Railway passengers, led by Trinamul Congress MLA Nirmal Ghosh, held a demonstration at Sodepur station on the Sealdah Main section, protesting against eve-teasers. They alleged that a group of youth had been teasing college girls and office-going women. The demonstrators threatened to gherao the superintendent of railway police if action was not taken against the culprits.

Corrigendum

The report ‘Swati plea for bail relaxation rejected’ in this column on November 22 wrongly mentioned P.N. Sinha as the sub-divisional judicial magistrate, Alipore. Sinha is the district judge of South 24-Parganas at Alipore. The error is regretted.    

 
 
TEMPERS FRAYED OVER MAYOR’S GUEST LIST 
 
 
BY A STAFF REPORTER
 
Calcutta, Nov. 26: 
Less than 24 hours after the launch of India’s first computerised parking plaza on Rawdon Street, a controversy is brewing in the Calcutta Municipal Corporation (CMC) over the absence of mayor-in-council members, borough chairmen and councillors of Trinamul Congress and the BJP from the function and, later, the dinner on Sunday.

The most conspicuous absentee was mayor-in-council (slum development) Pradip Ghosh, who oversees parking affairs as additional charge. “Have you seen my name on the invitation card? Instead, there are the names of the municipal affairs minister, mayor and the municipal commissioner,” said Ghosh.

The CPM circle in the Corporation feels that by skipping the event, most of the Trinamul councillors were expressing their ‘no-confidence’ in Subrata Mukherjee.

Some Trinamul partymen accused the mayor of double standards. Mayor-in-council Ghosh pointed out that on Saturday, the foundation for the proposed Southern Avenue drainage pumping station was laid by municipal affairs minister Asok Bhattacharya and the name of the member, mayor-in-council (drainage and sewerage), was mentioned on the official invitation card.

“Why was the same practice not maintained during Sunday’s inauguration?” he asked.

But, according to the officer-on-special duty (OSD) in the mayor’s office, Shaktipada Ghosh, the allegations are baseless.

Ghosh said: “Pradip was never a member of the mayor-in-council for parking. He was only asked by the mayor to look after parking affairs. So, the omission of his name from the invitation card is not wrong.”

A section of Trinamul councillors close to Mamata Banerjee said member, mayor-in-council (health), Javed Ahmed Khan, and borough chairman Ruby Datta suffered the same fate last week, during the inauguration of the Thalassaemia Foundation at Chetla.

Whereas the Parkomat inauguration by chief minister Buddhadeb Bhattacharjee on Sunday was attended by five of the 10 members of the mayor’s council, the dinner at Park Hotel, hosted jointly by the CMC and Simplex, was attended by only two mayors-in-council members, Mala Roy and Rajib Deb.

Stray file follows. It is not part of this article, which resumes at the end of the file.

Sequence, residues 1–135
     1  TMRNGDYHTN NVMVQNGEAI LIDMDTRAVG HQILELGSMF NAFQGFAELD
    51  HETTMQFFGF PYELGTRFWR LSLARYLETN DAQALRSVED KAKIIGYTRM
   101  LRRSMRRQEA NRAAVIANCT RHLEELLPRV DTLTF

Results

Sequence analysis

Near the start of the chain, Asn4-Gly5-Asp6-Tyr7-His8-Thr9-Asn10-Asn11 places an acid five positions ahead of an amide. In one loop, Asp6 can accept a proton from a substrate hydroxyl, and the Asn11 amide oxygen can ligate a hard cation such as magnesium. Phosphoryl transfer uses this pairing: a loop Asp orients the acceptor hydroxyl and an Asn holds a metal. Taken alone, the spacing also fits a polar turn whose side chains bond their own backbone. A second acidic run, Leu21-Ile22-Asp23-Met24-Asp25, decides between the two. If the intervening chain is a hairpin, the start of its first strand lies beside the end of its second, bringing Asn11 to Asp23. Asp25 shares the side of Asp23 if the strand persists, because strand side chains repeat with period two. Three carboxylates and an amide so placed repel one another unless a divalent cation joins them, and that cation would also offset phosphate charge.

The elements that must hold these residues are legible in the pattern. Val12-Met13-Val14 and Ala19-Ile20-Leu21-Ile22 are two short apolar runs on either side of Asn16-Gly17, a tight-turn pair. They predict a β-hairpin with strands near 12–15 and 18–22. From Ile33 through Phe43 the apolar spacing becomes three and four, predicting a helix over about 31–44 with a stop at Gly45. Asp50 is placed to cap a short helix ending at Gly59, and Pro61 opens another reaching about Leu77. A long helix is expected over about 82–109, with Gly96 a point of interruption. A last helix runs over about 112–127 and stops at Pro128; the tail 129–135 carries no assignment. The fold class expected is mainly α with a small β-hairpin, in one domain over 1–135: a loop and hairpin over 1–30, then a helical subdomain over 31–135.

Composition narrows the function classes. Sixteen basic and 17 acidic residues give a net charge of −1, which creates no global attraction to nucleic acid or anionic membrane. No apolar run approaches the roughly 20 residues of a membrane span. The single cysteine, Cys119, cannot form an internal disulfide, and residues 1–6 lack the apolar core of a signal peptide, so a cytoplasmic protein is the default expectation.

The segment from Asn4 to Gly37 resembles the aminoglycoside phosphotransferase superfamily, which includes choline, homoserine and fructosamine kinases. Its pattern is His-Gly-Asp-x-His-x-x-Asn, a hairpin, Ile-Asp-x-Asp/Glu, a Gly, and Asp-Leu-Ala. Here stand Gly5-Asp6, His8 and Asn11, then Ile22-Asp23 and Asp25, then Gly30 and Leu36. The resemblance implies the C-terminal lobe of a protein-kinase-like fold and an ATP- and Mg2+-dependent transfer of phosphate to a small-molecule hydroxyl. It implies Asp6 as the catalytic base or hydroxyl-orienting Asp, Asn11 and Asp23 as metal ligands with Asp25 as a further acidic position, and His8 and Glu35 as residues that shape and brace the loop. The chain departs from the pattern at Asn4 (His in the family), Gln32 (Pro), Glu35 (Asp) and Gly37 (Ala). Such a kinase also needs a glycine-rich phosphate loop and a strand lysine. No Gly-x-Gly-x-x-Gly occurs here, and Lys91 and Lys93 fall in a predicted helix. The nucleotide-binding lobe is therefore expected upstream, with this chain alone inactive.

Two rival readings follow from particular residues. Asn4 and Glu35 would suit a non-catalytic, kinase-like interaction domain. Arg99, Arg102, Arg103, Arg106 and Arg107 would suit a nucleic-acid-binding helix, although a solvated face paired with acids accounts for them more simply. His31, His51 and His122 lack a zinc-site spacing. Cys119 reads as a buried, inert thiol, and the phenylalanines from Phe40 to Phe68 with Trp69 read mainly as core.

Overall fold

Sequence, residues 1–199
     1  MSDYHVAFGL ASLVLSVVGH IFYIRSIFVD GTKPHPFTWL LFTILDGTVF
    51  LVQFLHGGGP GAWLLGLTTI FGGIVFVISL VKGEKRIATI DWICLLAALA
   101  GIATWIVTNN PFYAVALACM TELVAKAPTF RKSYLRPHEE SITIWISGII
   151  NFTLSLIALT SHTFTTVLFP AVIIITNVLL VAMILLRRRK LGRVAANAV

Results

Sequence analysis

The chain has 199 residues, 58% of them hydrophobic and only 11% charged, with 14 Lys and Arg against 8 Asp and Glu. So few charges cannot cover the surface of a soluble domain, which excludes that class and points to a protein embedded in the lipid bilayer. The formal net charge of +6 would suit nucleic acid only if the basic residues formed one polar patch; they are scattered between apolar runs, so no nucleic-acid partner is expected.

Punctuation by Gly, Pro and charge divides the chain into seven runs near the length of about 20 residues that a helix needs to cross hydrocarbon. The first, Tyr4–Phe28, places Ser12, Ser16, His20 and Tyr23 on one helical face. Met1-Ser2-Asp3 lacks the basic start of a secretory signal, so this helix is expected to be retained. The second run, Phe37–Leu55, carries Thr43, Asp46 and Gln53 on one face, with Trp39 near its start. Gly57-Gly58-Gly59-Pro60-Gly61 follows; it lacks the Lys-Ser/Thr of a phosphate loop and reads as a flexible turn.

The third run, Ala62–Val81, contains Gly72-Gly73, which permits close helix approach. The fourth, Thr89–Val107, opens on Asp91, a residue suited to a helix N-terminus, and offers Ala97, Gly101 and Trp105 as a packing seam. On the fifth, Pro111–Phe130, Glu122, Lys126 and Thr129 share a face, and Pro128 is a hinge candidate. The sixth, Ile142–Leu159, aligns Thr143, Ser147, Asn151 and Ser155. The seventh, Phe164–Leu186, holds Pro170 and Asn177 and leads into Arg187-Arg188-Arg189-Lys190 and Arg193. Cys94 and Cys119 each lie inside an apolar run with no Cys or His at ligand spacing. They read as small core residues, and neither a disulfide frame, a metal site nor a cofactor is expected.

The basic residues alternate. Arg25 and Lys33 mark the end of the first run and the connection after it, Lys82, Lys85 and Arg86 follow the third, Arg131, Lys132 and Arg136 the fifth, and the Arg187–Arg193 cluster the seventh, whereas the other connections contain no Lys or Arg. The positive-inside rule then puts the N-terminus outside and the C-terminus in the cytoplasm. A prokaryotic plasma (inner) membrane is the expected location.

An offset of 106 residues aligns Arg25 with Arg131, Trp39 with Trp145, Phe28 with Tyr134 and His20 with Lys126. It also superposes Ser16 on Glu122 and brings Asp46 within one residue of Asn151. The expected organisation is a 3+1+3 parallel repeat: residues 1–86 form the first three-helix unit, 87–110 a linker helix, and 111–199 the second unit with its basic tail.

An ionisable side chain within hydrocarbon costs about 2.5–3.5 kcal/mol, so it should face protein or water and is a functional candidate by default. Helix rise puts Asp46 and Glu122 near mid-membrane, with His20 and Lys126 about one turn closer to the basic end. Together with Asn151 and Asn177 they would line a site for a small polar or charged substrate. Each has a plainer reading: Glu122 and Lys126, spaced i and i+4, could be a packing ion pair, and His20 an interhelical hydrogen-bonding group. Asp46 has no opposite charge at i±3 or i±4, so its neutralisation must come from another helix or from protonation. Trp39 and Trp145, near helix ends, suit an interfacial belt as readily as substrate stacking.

The BJP was absent all along. Even CPM leader of the Opposition Nirmal Mukherjee and chief whip Amal Mitra skipped the dinner. Only two borough chairmen, Debasish Kumar and Arup Biswas, and four councillors — Provakar Mondol (CPM), Antara Mukherjee (RSP), Ratan De (Trinamul), and Ashoka Mondol (Trinamul) attended.

   

 
 
DISLODGED ALMIRAH KILLS BEARER OF WEDDING GIFTS 
 
 
BY A STAFF REPORTER
 
Calcutta, Nov. 26: 
What was intended as a wedding gift for his cousin spelt doom for Rabindranath Chowdhury, who died when a steel almirah fell on him on Monday.

Chowdhury, 39, had volunteered to reach the almirah and other trousseau items in a Matador to his cousin’s in-laws’ house in Jadavpur after the wedding on Sunday. In the morning, he left the Barrackpore residence of his cousin in the Matador, carrying the gift items.

But tragedy struck around 8 am, when the speeding van hit an iron bar on the railway bridge on D.C.Dey Road, near Entally.

As soon as the van hit the iron bar, the almirah was dislodged and fell on Chowdhury, injuring him seriously. Other relatives travelling with him in the vehicle raised an alarm and stopped the vehicle. Locals, who pitched in with the relatives to rescue Chowdhury, then rushed him to the Nilratan Sarkar College and Hospital, where he was declared dead. The police later arrested the van-driver on charges of rash driving.

A pall of gloom descended on the Chowdhury family and neighbours when the news of the tragedy reached them.

In another incident, three people were injured, one of them seriously, at the crossing of Narkeldanga Main Road and Eastern Metropolitan Bypass when a Matador hit them from the rear. The condition of the cyclist is stated to be critical.

Police said the accident took place around 5.45 am, when the road was almost empty. The van first dashed against the cyclist and then hit two pedestrians.

Morning-walkers spotted the injured lying in a pool of blood and rushed them to Nilratan Sarkar Medical College and Hospital. The cyclist is still in hospital but the other two were released after first-aid. However, in the chaos the van-driver fled with the vehicle.

Later, Subir Chatterjee, officer-in-charge of Tiljala police station, said the accident could have been fatal if it had taken place during the day. He said efforts were on to track down the van-driver.

   

 
 
HOSPITAL LINES UP TRAUMA-CARE UNIT IN DHAKURIA 
 
 
BY SUBHRO SAHA
 
Calcutta, Nov. 26: 
The AMRI Apollo Hospitals proposes to set up a trauma-care unit as part of its expansion plans in Calcutta. The trauma facility will come up in the new, six-storey building being built adjacent to the hospital’s existing infrastructure in Dhakuria. The group’s new diagnostic centre on Southern Avenue, focussing on preventive healthcare, is also expected to be commissioned by end-January 2002.

“We are looking at strengthening our neurological and orthopaedic departments by shifting these to the new building, and once we have these in place, the logical progression is, of course, a comprehensive trauma-care unit which Calcutta badly needs,” says Jose Verghese NM, chief executive officer, AMRI Apollo Hospitals.

The first phase of this expansion project, being built at a cost of Rs 22 crore, is expected to be completed “in another year and a half”, and will also house the cardiology department and operation theatres, besides adding another 120 beds to the hospital infrastructure. The Apollo group’s national network of emergency care services, which will cover Calcutta in the second phase to be launched by January 2002, will “nicely complement the proposed trauma unit”, feels the CEO.